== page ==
Navy eyes large autonomous submarines for reconnaissance and special operations

The U.S. Navy is heading in the direction of large unmanned submarines able to act as motherships for different kinds of unmanned underwater, surface, and aerial vehicles for undersea surveillance and special operations missions.

The U.S. Navy is heading in the direction of large unmanned submarines able to act as motherships for different kinds of unmanned underwater, surface, and aerial vehicles for undersea surveillance and special operations missions.

The U.S. Naval Sea Systems Command in Washington announced a $43 million order last month to the Boeing Defense, Space & Security segment in Huntington Beach, Calif., to build four Orca Extra-Large Unmanned Undersea Vehicles (XLUUVs).

What this could mean in practice could stretch limits of the imagination. Large autonomous undersea vessels like these could launch, recover, and recharge several different surveillance UUVs, infiltrate Navy SEALs and other special operations warfighters into contested marine areas, and even launch expendable surveillance unmanned aircraft near valuable enemy targets.

The Lockheed Martin Rotary and Mission Systems segment in Riviera Beach, Fla., also is designing prototype Orca XLUUV systems.

One thing’s clear: top Navy leaders like the idea of big autonomous submarines, and they’re bound to order more of them soon.

U.S. military experts have been working on a large autonomous submersible mothership for the past several years, spearheaded by the U.S. Defense Advanced Research Projects Agency (DARPA) in Arlington, Va.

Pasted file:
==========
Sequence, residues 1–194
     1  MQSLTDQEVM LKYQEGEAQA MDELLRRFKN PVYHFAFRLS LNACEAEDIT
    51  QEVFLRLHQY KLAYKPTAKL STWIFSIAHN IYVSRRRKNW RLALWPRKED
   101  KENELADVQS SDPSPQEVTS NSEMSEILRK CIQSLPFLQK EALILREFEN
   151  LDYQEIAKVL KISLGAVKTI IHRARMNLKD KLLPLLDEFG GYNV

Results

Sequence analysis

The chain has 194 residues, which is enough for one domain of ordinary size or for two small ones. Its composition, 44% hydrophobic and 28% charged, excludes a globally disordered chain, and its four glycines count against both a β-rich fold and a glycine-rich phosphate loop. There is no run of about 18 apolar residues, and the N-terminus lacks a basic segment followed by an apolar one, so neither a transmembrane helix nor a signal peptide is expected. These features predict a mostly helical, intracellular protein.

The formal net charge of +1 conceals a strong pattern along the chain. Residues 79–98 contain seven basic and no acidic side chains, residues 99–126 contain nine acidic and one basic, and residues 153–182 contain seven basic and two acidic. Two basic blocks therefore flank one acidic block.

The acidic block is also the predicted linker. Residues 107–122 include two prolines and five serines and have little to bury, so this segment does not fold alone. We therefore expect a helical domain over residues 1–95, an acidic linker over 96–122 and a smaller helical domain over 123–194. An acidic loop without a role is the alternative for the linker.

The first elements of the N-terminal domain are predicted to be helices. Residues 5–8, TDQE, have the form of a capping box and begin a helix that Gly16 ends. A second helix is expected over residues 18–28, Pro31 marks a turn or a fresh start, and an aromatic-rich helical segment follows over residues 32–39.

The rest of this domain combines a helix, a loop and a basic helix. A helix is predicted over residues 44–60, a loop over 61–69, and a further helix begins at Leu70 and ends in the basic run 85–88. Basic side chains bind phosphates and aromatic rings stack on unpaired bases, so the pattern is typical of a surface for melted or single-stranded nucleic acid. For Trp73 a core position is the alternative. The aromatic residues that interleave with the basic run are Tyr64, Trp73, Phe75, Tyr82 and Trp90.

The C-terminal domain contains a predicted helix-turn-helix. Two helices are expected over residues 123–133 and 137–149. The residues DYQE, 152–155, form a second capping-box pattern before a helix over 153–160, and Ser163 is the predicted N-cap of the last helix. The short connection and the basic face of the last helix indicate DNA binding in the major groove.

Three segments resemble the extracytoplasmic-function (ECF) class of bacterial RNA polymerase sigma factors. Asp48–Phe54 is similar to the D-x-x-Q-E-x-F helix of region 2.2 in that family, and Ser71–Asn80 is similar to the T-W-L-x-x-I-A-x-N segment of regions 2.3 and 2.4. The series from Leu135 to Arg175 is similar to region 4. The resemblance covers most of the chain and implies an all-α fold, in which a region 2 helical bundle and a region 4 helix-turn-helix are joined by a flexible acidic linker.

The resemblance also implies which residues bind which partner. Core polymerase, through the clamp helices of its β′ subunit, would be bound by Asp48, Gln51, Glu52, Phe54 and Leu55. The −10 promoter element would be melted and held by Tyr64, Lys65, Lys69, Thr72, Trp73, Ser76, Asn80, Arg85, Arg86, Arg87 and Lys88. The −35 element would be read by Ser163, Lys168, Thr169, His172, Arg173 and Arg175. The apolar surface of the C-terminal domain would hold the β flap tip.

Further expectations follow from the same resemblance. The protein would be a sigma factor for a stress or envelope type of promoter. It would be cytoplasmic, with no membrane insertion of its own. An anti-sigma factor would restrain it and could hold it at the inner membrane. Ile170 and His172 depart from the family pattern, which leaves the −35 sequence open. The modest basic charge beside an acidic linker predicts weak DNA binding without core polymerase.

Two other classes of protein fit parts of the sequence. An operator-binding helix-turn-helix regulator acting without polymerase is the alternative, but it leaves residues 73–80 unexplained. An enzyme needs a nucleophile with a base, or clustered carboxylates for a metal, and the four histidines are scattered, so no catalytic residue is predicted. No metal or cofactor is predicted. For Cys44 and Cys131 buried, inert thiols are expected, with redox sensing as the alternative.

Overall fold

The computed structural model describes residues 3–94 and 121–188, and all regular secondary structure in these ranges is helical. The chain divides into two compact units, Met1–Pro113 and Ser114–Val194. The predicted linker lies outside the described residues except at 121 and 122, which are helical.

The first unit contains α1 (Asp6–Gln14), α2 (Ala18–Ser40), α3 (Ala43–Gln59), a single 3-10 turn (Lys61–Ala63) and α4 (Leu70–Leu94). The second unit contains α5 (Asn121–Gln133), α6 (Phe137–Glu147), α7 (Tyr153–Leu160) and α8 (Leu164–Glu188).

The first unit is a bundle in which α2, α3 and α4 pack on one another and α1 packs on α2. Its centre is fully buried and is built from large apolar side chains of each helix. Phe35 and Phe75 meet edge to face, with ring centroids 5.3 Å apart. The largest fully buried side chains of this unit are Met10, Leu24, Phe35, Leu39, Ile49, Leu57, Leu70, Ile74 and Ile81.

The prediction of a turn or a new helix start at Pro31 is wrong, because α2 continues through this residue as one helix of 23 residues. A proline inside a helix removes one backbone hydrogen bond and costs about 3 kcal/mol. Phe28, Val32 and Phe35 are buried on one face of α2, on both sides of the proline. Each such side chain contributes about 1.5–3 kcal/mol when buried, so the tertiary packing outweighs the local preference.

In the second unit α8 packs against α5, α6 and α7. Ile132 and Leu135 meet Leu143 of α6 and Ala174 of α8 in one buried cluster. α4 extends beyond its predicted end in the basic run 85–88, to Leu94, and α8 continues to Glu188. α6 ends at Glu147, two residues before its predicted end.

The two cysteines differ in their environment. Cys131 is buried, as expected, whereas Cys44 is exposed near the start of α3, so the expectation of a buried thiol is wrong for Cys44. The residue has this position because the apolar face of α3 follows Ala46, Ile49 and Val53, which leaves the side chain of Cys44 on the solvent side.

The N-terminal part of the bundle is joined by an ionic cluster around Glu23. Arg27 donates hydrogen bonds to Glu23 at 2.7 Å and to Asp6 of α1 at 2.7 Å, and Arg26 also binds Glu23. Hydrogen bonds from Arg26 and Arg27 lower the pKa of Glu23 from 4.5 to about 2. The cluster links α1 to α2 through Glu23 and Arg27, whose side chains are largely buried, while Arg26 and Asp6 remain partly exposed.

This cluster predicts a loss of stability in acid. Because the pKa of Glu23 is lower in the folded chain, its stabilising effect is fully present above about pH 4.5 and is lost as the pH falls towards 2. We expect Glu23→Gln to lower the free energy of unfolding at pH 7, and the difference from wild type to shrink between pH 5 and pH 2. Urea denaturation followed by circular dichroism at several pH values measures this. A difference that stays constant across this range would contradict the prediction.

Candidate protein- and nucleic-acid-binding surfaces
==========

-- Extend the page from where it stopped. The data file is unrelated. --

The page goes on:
As far back as 2013, DARPA was asking industry to develop an unmanned submersible designed to transport and deploy unmanned aerial vehicles (UAVs) and unmanned underwater vehicles (UUVs) stealthily close to enemy operations as part of the Hydra program.

In 2015 DARPA asked industry to develop a payload-delivery system from an extra-large UUV, as part of the Hunter program. Hunter payloads were envisioned as persistent-surveillance sensors, weapons, or other UUVs and UAVs.

Also that year, the Boeing Co. and Lockheed Martin Corp. were involved in a DARPA project called Blue Wolf to develop revolutionary underwater propulsion and drag-reduction technologies to enable manned and unmanned military undersea vehicles to move through the water faster and more energy-efficiently than ever before.

Lockheed Martin also has done work for the U.S. Special Operations Command (SOCOM) Dry Combat Submersible (DCS) program to design an affordable mini-submarine able to transport Special Operations combat swimmers such as Navy SEALs covertly while minimizing swim time to keep the divers from becoming too exhausted to carry out their missions.

With last month’s order to Boeing for four Orca Extra-Large Unmanned Undersea Vehicles (XLUUVs), apparently much of the research necessary to projects like this to fruition is winding up, and now it’s time for production. Notice the order came from Naval Sea Systems Command, which primarily is involved with deployable Navy surface ships and submarines, not in research to develop enabling technologies.

The modular-construction Boeing Orca XLUUVs will be open-architecture reconfigurable UUVs able to provide autonomous guidance and control, navigation, situational awareness, communications, power distribution, energy and power, propulsion and maneuvering, and mission sensors, Navy officials say.

The new large UUVs will have well-defined interfaces for cost-effective future upgrades to capitalize on advances in technology and respond to threat changes.

Boeing is building these large UUVs in Huntington Beach, City of Industry, El Cajon, and Ontario Calif.; Virginia Beach, Va.; Waukesha, Wis.; East Aurora and Farmingdale, N.Y.; Concord and Attleboro, Mass.; Camden and Fairfield, N.J.; and Smithfield, Pa. The four new Orca XLUUVs should be ready by June 2022.

It’s not clear yet which segments of the Navy will be responsible for deploying and operating the Orca XLUUVs, or how these large autonomous submersible vessels will operate in the Navy’s chain of command. One thing we do know: we’ll see a lot more of these before too long.

More in Unmanned